Stepparents play important roles in the lives of their stepchildren. It is no easy task to marry into an established family and try to take over the role of parent. In Washington, the courts recognize certain legal rights that stepparents have by law after marriage. While these rights are typically limited to what the legal parents allow, they can make it easier for a stepparent to feel confident and secure in his or her place in the family.
Stepchild adoption is allowed in Washington and might be the best way for a stepparent to increase his or her parental rights. Adopting a stepchild makes the stepparent the legal parent. This can result in several legal rights being given to the stepparent, such as the right to make important education and health care decisions for the child, as well as custodial rights in the event of a divorce. Before a stepchild can be adopted, however, the other legal parent must terminate his or her parental rights.
A stepparent does not have to have legal custody over a stepchild to have the right to punish the child for bad behavior. A stepparent cannot get into legal trouble for disciplining a child, in most cases. Disciplining or punishing a stepchild is perfectly legal, as long as it does not involve child abuse, neglect, domestic violence, or excessive corporal punishment.
If a couple gets divorced, it is rare for a stepparent to obtain legal and/or physical custody of a stepchild. The courts are much more likely to reserve child custody for biological parents. However, it is possible to gain custody of a stepchild if one or both legal parents have been found unfit, given up their rights, or passed away. If the stepparent legally adopted the child prior to the divorce, this could also result in custody going to the stepparent in Washington.
As of 2018, stepparents in Washington can seek visitation rights with a child that is not legally theirs. A stepparent must file a petition with the Superior Court of Washington to obtain nonparent visits. This petition may be followed by a hearing and written statements from those who agree that the stepparent should have visitation rights. These requests will typically be granted if the courts determine that visitation is in the child’s best interests and that a lack of visitation by the stepparent would cause the child detriment.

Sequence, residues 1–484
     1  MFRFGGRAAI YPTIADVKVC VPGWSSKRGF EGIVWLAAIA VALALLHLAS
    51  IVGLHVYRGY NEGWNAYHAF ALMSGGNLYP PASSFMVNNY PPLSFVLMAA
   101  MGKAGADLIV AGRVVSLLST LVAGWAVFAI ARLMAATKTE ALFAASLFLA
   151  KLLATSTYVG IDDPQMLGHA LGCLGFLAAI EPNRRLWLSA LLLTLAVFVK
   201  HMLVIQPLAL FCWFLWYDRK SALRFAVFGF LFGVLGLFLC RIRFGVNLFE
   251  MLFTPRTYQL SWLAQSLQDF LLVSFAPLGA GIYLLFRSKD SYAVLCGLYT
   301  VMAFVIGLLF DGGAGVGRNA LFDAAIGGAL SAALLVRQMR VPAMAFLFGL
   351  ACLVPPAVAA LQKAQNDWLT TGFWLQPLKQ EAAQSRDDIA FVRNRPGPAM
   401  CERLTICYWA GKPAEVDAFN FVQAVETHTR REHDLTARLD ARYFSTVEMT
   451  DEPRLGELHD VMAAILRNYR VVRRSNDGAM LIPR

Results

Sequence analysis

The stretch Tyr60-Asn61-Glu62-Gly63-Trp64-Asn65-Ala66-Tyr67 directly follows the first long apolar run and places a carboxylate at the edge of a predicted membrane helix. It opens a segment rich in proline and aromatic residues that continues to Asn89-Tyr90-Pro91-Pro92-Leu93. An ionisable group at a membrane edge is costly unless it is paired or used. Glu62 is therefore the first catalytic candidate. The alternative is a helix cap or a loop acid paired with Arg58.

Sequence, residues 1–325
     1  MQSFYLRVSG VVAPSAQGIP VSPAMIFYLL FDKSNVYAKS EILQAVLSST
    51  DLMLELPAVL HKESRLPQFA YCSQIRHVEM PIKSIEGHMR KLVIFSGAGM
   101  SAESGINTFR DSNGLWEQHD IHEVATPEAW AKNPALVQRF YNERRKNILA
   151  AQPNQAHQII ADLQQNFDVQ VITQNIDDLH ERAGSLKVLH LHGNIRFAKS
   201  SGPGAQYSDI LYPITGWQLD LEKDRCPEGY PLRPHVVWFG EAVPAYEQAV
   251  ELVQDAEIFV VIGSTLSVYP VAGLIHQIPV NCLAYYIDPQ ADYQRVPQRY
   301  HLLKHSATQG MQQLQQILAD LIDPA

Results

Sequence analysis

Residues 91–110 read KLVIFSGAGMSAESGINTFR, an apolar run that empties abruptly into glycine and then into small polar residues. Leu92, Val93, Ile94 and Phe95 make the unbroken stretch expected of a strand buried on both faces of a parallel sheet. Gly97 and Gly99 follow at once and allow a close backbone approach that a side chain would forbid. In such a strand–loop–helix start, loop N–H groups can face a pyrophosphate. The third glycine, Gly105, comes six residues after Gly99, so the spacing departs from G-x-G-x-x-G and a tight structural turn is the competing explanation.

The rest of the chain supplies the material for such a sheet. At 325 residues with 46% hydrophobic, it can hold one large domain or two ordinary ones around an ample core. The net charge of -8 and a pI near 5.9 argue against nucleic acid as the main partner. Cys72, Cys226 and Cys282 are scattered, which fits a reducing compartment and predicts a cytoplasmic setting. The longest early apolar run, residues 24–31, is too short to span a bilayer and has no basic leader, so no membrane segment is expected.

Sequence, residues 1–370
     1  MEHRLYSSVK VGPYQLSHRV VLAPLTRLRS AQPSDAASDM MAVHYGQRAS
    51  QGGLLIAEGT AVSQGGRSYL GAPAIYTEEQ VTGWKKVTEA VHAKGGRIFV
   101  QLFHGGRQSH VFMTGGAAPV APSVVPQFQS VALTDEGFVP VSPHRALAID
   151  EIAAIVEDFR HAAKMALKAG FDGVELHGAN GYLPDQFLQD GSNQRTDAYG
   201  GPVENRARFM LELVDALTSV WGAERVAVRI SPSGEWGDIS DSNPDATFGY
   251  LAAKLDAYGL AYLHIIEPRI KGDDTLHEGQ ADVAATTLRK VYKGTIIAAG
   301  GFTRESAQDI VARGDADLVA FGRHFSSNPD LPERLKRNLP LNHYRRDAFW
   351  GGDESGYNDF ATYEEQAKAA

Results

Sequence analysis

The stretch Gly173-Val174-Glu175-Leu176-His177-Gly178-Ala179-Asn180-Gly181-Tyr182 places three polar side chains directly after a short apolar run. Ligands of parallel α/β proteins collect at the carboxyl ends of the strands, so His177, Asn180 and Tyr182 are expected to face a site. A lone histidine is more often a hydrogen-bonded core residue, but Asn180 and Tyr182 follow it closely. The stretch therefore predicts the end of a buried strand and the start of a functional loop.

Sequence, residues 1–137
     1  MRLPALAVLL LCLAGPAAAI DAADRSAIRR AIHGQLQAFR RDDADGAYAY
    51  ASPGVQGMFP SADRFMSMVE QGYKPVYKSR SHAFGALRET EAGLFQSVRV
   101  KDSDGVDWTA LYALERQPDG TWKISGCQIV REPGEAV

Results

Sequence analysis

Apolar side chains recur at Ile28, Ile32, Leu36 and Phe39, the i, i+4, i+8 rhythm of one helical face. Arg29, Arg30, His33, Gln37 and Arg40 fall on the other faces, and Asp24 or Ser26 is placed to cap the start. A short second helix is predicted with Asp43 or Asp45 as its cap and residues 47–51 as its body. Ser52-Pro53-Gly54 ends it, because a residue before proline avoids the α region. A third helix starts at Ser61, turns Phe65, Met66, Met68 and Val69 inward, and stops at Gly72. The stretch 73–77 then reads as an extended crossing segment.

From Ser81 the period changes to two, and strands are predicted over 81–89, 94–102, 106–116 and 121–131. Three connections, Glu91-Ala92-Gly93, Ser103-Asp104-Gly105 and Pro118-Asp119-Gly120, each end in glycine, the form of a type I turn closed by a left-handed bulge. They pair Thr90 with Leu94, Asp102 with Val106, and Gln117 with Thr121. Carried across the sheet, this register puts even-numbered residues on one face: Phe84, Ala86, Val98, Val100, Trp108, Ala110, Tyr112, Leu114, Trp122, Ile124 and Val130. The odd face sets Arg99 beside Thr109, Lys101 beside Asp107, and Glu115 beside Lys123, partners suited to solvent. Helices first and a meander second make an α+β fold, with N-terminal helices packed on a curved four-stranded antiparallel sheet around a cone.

If the legal parent of the child does not wish the stepparent to have visitation, the courts will generally assume that the parent knows this to be in a child’s best interests. It then becomes the stepparent’s burden to prove that not having visitation would cause the child harm. In general, to receive visitation rights, a stepparent must have an ongoing and substantial relationship with the child through companionship, interaction, and mutual interest. This is the only way a court will give a stepparent visitation rights post-divorce.
The law in Washington requires stepparents to financially support any stepchildren that live in their household. If the parents get divorced, however, this obligation is terminated. In Washington, child support payments after a dissolution of marriage are only the responsibility of the legal or biological parents, with a few exceptions. If the stepparent has legally adopted the stepchild, for example, he or she will need to make child support payments after a divorce.
It is uncommon for a stepparent to have the legal authority to make health care decisions for a stepchild in Washington. A stepparent will generally only have the right to make medical decisions if there is a written parenting agreement between the stepparent and the legal parent that allows these health care decisions to be made. Otherwise, medical decisions are reserved only for biological parents.
If you have any further questions about the rights of stepparents in Washington, contact Cohen Family Law, LLC to request a free consultation.